or destructive
interference
Longitudinal wave motion
2. ABSORPTION
• Opposition to sound transmission will exist at any boundary where
impedances differ
• If impedance is infinite, intensity of reflected wave will equal
intensity of incident wave
• Ir = Ii
• If impedance is not infinite, some sound energy will be absorbed
by new medium
• Intensity of reflected wave will be less than intensity of incident
wave
• Ir < Ii
3. REFRACTION
• When a wave encounters an obstacle offering large impedance,
the wave is reflected with no change in speed of propagation
• When a wave moves to another medium, or encounters a change
in the medium, the speed of propagation changes and rays are
bent
Stick in the water: image is bent
because of change in speed of
propagation (Snell’s Law)
4. DIFFRACTION
• The bending or scattering of a sound wave around an obstacle
• Long wavelengths (low frequencies) are more likely to be diffracted
around obstacles than shorter wavelengths
• Sounds with wavelengths longer than the diameter of obstacles it
encounters will diffract around or through the obstacle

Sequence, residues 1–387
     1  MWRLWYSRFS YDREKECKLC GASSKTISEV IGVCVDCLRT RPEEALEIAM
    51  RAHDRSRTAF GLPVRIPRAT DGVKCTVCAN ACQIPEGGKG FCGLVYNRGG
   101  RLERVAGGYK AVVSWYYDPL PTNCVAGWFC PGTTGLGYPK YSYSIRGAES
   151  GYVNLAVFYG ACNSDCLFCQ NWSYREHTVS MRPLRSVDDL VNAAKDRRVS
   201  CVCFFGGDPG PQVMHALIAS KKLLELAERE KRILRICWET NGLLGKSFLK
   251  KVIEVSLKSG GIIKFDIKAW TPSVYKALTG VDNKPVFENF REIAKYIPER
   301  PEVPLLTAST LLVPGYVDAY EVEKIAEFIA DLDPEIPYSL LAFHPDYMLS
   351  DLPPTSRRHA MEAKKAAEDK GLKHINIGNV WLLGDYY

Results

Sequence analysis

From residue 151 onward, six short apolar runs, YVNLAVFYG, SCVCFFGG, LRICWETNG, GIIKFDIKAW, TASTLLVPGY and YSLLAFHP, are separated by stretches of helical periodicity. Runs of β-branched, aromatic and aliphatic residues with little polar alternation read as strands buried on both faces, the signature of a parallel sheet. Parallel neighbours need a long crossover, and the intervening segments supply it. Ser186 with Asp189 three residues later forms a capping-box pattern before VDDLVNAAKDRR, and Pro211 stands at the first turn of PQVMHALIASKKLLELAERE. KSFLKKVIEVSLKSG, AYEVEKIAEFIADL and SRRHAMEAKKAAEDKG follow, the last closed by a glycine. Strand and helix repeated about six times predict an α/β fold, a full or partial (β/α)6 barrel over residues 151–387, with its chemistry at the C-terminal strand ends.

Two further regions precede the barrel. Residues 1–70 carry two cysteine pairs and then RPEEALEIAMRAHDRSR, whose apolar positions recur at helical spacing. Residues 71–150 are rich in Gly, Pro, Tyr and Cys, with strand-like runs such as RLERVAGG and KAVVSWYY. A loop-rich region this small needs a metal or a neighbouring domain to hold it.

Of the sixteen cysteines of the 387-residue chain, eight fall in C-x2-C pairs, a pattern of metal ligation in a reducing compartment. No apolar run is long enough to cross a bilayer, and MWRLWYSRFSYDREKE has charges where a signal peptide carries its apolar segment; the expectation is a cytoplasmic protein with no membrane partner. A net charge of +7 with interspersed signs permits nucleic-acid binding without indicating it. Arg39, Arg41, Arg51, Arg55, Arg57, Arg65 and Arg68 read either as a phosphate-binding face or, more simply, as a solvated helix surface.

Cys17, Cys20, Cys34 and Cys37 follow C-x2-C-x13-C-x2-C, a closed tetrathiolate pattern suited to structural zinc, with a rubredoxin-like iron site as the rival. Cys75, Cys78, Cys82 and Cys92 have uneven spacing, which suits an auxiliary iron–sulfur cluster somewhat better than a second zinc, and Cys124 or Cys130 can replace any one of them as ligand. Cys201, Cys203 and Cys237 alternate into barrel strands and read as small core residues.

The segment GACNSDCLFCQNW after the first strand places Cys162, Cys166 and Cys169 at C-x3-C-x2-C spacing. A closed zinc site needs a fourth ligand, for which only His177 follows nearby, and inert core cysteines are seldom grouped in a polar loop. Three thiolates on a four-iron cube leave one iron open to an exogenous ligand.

Plane progressive sound waves
encountering a barrier (A) or
an opening in a wall (B). Some
energy is reflected back, the
wave fronts scatter or bend
around the obstacle, then the
wave fronts reform and
continue as plane wave fronts
Acoustic considerations for hearing aid
selection and optimisation
• Venting
– Size, length, type
– Acoustic mass Ma = 1.8(L/A)
• Dampers
– Mid frequency response smoothing
– Location/type
• Sound Bore
– Horns
– Aimed at matching impedance of receiver
with that of eardrum.
Effects of widening the vent
Ma = 1.8(L/A)
www.hearingreview.com
Mould selection
• Style of mould
– Material
• Length of mould
– Comfort and secure retention are primary concern
– High gain requirements
• Volume of canal (halve volume, double the pressure at
the eardrum , +6dBSPL )
– Mindful of medial canal skin thickness
Acoustics and Pathologies
• Middle ear Impedance
• Complex sum of Resistance and Reactance